Superheroes are an increasingly-dominant global form of mythology for young and old alike. As such, ways of presenting them – and the business/cultural context in which they are embedded – are becoming more complex and nuanced. These two infographics – both of which I like – take very different approaches, but represent important design considerations showing what can work well.
This monster takes a simple approach to the (frankly terrifying) number of Superhero movies that are swinging our way over the next 4 years. The design is nice and clear in terms of the timeline, and it takes advantage of the icon-based approach of the subject matter to keep things simple visually, avoiding the common trap of over-egging the pudding. What makes it interesting is that it’s curated and updated – it’s not the first-and-only version, it’s the latest one, adapted to keep it accurate in terms of studio release plans. Infographics as reportage, it presents an intriguing alternative to text-heavy news resources, or non-user-driven (e.g. fixed-pace) video briefings.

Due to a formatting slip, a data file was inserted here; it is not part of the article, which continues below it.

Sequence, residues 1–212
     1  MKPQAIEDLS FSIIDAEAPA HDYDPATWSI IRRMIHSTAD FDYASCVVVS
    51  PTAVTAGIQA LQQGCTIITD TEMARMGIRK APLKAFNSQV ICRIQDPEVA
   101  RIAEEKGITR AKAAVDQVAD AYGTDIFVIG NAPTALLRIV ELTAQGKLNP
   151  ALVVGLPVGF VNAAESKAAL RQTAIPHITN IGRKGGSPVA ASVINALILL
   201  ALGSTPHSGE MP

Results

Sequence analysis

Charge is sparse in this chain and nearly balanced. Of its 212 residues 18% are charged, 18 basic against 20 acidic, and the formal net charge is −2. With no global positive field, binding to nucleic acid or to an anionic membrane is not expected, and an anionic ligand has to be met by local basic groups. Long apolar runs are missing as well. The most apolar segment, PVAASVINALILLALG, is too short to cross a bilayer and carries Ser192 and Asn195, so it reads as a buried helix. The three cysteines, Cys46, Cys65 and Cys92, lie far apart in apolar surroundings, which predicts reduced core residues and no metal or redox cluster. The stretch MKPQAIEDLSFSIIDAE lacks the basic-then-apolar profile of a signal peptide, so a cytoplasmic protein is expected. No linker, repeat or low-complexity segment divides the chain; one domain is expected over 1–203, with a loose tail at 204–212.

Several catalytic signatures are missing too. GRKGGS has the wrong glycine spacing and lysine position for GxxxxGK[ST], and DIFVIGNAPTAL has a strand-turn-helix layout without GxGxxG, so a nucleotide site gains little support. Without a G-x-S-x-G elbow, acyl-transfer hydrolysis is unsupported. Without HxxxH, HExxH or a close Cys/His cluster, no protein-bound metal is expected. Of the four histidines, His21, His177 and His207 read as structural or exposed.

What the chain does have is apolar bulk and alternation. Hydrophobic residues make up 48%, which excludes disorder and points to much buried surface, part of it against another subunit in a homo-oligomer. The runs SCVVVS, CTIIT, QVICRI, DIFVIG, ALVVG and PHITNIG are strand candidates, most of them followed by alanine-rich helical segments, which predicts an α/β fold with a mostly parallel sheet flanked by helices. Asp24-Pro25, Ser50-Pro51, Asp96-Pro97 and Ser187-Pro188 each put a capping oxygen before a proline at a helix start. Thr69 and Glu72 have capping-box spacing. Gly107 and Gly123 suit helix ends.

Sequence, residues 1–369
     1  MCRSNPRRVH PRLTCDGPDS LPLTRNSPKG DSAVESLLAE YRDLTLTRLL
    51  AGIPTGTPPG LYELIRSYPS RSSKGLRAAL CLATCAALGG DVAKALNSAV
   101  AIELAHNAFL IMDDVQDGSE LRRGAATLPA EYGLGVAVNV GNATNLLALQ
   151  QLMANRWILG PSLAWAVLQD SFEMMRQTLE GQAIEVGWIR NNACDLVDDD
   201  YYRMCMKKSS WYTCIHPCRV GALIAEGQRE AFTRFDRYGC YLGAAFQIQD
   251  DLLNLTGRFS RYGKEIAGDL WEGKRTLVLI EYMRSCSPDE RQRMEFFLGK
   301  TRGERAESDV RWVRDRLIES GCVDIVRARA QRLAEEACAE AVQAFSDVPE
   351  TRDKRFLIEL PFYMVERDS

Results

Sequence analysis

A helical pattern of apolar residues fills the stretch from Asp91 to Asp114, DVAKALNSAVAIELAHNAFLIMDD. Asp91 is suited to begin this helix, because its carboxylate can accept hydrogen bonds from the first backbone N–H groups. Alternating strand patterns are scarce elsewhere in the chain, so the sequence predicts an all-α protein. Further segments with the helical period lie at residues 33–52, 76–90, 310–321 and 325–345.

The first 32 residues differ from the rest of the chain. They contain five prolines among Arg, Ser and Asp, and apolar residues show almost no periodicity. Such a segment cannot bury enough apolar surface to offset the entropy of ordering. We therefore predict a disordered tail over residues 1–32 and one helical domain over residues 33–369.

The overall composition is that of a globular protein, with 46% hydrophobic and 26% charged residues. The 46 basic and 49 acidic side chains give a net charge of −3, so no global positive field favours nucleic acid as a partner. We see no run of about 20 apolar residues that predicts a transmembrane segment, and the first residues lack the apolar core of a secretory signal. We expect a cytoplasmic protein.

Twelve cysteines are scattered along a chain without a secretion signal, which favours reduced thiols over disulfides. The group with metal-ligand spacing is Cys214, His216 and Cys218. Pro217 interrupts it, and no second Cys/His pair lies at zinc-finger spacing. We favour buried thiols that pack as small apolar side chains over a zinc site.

This one takes a different approach, with more of an underlying similarity to how Prezient approach things. Is Elon Musk the real life Tony Stark? Some of us have always had our suspicions, but this lays out the evidence in a strongly narrative way. Its compare-and-contrast layout creates some dramatic tension, presenting known facts (quite dense at points, whilst light-on-the-eye), but relating them to each other in an unexpected way – to produce a surprising but compelling conclusion. What the action point might be, I’ll leave up to you – but if you hear about Musk saving people from an exploding volcano using a suit of Space Age amour, remember – the clues were there all along.